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When You Just Have To Roar!

When You Just Have To Roar!

Author: Rachel Robertson   Illustrated by: Priscilla Prentice
Product Code: 543628
ISBN: 978-1-60554-362-8
Publisher: Redleaf Press®
$15.95 Qty: 

Published by Redleaf Press free sample chapter

When You Just Have to Roar! is a fun way to think about classroom expectations

For one reason or another, Ms. Mya's classroom is just not clicking. Jamilla is jumping. Masha is making a mess. And Reese is roaring like a lion for no reason at all. As the day quickly fills with commotion, Ms. Mya knows that she must do something. So she gathers the children together and begins a discussion about classroom expectations. Young children are learning how to control their bodies and emotions—something that can make a classroom feel chaotic and crazy at times. This book is about the ways one teacher helps her students practice managing emotions and behaviors that make everyone happier. Read the book to children to introduce and reinforce these important concepts and support their development of emotional control and self-regulation.

Age focus: 3–6. Hardcover, 32 pgs.

Lexile Measure: Adult-directed, Grade 2.

Watch illustrator Priscilla Prentice make Sammi come to life in this video.
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Review by: Linda Ludke, School Library Journal - August 18, 2015
"In Ms. Mya’s classroom, it is “just one of those days.” The students are enthusiastically jumping on chairs, “making a monstrous mess,” and roaring like lions “for no reason at all.” Using her “I need your attention right now” voice, Ms. Mya calmly reins in the energy and calls a special morning meeting on the carpet. A discussion about behavior expectations ensues, with plenty of child-friendly explanations, positive phrasing, and modeling. Prentice’s cheerful illustrations show the children practicing their indoor walking skills, using kind words, and employing indoor voices. The last line on the list of expectations is “Roar like a lion when there’s simply no other way to say it.” VERDICT Useful for school readiness conversations."
Review by: Liesel, Age 4, San Francisco Book Review - April 22, 2015
Lots of children in the classroom were doing crazy things. One person was jumping, someone else was making a great big mess, and other children were bouncing and kicking and running and squeaking. The teacher said they needed to decide what was the right way to act in the classroom, like walking inside or waiting for other people to finish talking and not interrupting. The children made a list of the things they were supposed to do. The next day was a better day because they got to play house and do fun things and everybody wasn’t crazy.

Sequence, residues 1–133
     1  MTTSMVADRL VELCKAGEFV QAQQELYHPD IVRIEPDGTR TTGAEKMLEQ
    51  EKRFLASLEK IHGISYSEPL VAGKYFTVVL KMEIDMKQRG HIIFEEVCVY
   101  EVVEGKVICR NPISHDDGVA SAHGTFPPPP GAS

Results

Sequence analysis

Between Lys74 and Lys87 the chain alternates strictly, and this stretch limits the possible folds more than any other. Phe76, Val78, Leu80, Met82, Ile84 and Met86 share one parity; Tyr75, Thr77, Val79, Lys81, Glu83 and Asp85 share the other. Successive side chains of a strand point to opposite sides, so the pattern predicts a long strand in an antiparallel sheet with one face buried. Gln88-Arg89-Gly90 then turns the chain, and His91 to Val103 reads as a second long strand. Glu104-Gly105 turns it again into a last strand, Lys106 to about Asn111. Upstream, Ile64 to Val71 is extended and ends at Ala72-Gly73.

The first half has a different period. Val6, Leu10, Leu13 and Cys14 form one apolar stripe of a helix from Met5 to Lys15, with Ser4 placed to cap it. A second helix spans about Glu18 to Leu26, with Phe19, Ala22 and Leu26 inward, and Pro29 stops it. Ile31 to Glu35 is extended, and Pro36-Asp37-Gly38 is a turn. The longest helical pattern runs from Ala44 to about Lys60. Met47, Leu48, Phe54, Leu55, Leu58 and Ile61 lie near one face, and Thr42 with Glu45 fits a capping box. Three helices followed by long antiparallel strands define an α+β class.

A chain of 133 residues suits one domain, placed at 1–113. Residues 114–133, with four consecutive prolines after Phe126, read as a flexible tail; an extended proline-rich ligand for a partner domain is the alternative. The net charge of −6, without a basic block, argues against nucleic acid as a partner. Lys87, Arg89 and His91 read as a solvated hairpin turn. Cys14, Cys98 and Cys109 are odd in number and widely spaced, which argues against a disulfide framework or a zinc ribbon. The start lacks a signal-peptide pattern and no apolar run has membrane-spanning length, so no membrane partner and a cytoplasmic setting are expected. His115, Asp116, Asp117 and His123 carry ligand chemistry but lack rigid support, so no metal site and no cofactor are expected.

I don’t like this book because it’s really not fun. All it is about is school and just telling you what to do. I already know what to do, but I don’t always do it, because sometimes I act bad and sometimes I act good. So this book is supposed to tell me how to act the right way, but it doesn’t really because I already know what I am supposed to do, and Mama always tells me what to do anyway.
Review: Kirkus Reviews - February 3, 2015
Those who work with young children may smile a the mischief these kids get up to - from jumping on a chair and playing catch with a stuffie to running and drumming, these kids are loud and boisterous. . . . Prentice's brightly colored illustrations capture the exuberance and innocence of these ethnically diverse children wonderfully—they aren't being naughty; they are just exploring and being kids, and once the expectations are explained, they abide by them.

A reassuring explanation of both expectations in general and the behaviors expected of students in school.
Review by: Kay Marner, ADDitude Magazine - January 25, 2015
"Jamilla was jumping. Ruth was running. David was drumming. Binh was bouncing.... Masha was making a monstrous mess."
All kids need clear, consistent expectations about how to behave in various environments. But kids with ADHD — who miss social cues and act impulsively — need to see, hear, and practice good social behavior.
In this book, Ms. Mya's classroom is a chaotic mess. She calls a special morning meeting. After introducing the concept of expectations, she and her students work together to create a list of them. They practice walking, instead of running, and speaking in their regular voice in the classroom. The next day is their best day ever. A note to readers stresses the importance of adults setting expectations, and teaching, practicing, and demonstrating positive behavior
Review by: Jocelyn Gebhardt, Tattered Cover Bookstore, Denver, CO - December 11, 2014
I would read When You Just Have to Roar to our store's kids story time group in a heartbeat (mostly ages 0-4). I was really taken by it.

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